The 2012 Norman Anderson Lifetime Achievement Award is presented to:
Robert A. Bjork – University of California, Los Angeles
Citation: “for his programmatic and innovative investigations of adaptive aspects of learning, memory, and forgetting.”
Rice University, April 14, 2012
Bob Bjork has made major contributions to numerous aspects of our understanding of learning, memory, and forgetting spanning 5 decades. The scope and extent of Bjork’s work is both sweeping and highly programmatic: He has been a pioneer in research on directed forgetting, retrieval-induced forgetting, the role of desirable difficulties and testing effects in learning, metacognition and learning, and applications of laboratory research to educational practice. These seemingly diverse topics are linked conceptually in Bjork’s work by a theoretical and empirical emphasis on the adaptive functions of memory. Some of Bjork’s most impactful work on this theme is reflected by his pursuit of theoretical ideas such as the initially counterintuitive but now widely accepted notion that forgetting serves adaptive functions. Bjork’s scientific impact on the field is well-reflected in the chapters and testimonials collected together in the 2011 festschrift volume that honors his life and work, Successful remembering and successful forgetting: A festschrift in honor of Robert A. Bjork.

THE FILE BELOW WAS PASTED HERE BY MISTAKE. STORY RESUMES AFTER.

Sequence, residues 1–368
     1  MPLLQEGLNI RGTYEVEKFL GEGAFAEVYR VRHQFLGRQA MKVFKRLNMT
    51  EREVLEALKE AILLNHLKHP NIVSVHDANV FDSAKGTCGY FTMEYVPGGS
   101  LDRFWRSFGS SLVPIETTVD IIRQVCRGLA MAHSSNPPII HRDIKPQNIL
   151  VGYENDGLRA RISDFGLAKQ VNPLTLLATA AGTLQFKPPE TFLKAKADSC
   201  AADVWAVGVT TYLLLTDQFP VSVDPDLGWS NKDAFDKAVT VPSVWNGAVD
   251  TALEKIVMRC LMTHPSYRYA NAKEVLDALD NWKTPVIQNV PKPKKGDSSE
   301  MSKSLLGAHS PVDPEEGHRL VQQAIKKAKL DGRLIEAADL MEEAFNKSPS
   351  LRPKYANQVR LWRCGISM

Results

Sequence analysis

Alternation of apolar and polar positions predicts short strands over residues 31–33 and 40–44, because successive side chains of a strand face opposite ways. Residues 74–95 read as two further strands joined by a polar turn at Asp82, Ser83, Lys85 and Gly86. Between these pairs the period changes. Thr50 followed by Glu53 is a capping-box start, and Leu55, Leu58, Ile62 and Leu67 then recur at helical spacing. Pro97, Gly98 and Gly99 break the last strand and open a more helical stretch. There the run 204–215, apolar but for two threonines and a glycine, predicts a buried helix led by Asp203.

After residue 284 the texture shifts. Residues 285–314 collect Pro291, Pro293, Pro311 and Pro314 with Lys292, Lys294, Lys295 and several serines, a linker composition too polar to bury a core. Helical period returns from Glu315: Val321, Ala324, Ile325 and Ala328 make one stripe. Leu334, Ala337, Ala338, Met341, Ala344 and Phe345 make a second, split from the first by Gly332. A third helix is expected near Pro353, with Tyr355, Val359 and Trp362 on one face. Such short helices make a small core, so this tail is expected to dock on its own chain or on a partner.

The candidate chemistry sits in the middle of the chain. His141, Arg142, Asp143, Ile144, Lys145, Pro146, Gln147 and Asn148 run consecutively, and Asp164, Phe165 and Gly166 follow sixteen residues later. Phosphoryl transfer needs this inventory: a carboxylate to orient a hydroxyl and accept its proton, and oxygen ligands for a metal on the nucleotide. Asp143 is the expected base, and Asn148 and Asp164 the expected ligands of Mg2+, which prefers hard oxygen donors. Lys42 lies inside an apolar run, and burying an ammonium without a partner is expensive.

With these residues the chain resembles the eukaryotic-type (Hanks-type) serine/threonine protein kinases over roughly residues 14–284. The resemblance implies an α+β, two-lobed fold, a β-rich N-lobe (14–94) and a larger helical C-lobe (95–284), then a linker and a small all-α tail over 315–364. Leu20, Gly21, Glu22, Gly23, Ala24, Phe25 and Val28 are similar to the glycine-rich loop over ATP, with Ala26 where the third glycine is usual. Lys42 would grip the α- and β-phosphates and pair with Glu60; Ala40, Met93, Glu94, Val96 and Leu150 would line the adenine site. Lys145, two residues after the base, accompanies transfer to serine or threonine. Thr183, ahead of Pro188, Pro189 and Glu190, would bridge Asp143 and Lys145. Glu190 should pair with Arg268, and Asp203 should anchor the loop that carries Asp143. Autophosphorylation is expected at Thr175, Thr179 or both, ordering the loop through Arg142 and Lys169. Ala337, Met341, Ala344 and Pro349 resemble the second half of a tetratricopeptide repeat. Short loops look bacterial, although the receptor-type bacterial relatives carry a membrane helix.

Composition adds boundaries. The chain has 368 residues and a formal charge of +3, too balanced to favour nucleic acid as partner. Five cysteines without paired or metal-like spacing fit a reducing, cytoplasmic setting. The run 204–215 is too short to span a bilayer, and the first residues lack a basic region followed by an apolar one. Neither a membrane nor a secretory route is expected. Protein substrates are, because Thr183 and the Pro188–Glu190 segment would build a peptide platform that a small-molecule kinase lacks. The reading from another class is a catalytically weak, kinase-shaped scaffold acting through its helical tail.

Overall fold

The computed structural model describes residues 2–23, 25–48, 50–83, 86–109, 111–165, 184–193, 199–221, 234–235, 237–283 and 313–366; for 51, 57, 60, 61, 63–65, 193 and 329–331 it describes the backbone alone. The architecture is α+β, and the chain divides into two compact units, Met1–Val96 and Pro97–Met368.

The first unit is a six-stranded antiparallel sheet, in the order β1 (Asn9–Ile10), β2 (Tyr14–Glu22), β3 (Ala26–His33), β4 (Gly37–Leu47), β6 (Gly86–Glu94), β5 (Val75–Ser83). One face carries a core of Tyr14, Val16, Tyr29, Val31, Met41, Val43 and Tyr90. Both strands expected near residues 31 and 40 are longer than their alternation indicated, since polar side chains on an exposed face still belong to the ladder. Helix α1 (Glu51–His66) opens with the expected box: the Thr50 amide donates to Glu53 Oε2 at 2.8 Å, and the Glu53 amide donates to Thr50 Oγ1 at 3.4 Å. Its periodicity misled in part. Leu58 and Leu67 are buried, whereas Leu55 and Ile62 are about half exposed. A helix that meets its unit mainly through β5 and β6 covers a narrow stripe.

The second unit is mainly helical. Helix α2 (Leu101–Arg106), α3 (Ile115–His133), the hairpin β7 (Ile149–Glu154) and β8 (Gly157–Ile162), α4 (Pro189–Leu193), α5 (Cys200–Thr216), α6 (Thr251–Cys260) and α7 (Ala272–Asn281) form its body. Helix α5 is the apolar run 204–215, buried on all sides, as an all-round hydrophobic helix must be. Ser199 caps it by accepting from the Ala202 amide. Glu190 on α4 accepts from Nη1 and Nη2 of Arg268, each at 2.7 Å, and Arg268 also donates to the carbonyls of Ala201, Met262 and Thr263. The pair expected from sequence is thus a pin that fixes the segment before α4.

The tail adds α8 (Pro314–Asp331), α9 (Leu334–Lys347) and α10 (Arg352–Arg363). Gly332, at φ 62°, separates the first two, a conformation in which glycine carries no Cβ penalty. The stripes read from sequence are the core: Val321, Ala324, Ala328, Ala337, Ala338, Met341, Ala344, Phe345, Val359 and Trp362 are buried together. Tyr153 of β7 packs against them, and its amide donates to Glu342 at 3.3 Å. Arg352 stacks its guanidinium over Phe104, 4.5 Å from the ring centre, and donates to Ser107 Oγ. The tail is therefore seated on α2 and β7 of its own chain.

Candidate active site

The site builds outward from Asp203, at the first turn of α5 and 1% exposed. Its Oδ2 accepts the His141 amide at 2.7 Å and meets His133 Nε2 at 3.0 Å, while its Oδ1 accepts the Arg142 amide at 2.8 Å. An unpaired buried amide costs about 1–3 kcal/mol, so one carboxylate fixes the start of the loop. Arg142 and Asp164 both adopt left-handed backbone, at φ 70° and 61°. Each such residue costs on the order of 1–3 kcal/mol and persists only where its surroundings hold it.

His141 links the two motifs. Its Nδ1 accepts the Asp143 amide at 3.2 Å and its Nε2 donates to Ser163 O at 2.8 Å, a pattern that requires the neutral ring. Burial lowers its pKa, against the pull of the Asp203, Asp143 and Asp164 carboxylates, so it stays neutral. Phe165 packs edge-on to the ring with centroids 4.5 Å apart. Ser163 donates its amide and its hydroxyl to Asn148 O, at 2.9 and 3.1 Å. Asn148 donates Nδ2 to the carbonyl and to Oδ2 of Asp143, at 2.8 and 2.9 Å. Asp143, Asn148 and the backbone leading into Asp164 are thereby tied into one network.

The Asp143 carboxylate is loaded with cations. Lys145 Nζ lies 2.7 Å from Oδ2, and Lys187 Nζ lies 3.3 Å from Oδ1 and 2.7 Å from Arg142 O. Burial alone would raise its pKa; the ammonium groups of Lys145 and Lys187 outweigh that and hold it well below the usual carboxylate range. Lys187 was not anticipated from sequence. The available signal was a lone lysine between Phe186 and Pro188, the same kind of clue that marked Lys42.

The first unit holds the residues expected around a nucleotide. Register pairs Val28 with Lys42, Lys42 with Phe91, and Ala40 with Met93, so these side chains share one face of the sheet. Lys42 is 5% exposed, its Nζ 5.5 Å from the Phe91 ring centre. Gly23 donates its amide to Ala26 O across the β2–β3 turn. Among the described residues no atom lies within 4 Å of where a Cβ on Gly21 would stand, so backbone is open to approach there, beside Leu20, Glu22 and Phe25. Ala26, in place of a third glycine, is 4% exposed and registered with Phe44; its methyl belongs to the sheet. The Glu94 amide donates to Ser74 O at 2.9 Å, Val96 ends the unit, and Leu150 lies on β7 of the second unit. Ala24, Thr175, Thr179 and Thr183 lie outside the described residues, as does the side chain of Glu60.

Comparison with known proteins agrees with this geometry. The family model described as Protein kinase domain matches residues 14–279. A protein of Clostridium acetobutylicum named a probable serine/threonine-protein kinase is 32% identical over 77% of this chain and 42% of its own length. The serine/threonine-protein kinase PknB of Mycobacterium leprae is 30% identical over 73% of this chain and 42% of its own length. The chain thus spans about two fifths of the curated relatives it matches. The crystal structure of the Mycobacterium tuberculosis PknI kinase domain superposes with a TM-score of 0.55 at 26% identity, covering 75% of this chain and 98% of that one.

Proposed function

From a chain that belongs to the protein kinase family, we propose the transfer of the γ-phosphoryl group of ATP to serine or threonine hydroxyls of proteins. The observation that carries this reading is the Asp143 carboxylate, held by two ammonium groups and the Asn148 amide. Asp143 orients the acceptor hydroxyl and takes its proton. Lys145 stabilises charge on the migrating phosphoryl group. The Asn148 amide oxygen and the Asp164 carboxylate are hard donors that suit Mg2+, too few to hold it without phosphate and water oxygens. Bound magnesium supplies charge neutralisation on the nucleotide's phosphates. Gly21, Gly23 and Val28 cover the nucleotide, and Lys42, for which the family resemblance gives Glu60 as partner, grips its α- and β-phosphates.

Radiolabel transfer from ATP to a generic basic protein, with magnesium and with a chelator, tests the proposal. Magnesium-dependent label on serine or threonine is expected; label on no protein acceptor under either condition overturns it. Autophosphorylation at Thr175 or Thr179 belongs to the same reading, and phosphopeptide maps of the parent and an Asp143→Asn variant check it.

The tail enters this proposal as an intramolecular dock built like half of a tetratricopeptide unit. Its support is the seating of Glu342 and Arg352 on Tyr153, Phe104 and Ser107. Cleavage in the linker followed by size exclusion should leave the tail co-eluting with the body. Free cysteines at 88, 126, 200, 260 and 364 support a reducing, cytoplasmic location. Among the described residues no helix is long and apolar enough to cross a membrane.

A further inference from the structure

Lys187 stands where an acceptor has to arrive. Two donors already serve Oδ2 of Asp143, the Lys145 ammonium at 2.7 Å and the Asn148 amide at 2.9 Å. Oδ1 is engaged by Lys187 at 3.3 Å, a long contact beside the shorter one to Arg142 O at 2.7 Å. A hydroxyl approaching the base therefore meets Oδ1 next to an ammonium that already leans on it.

In addition to his major scientific contributions to cognitive psychology, Bjork also has made an impact through his exemplary service to the field. He served as Editor of Memory & Cognition from 1981 to 1985 and later as Editor of Psychological Review from 1995-2000. Bob was also one of the founders of a major new journal, Psychological Science in the Public Interest, and served as its Co-editor from 1998- 2004, and chaired the influential National Research Council Committee on Techniques for the Enhancement of Human Performance from 1988-1994. Reflecting his leadership skills and general wisdom, Bjork is a Past-President of the Association for Psychological Science and Western Psychological Association, and served as Chair of the Psychonomic Society, the Council of Editors of the American Psychological Association, the Council of Graduate Departments of Psychology and, appropriately enough, SEP.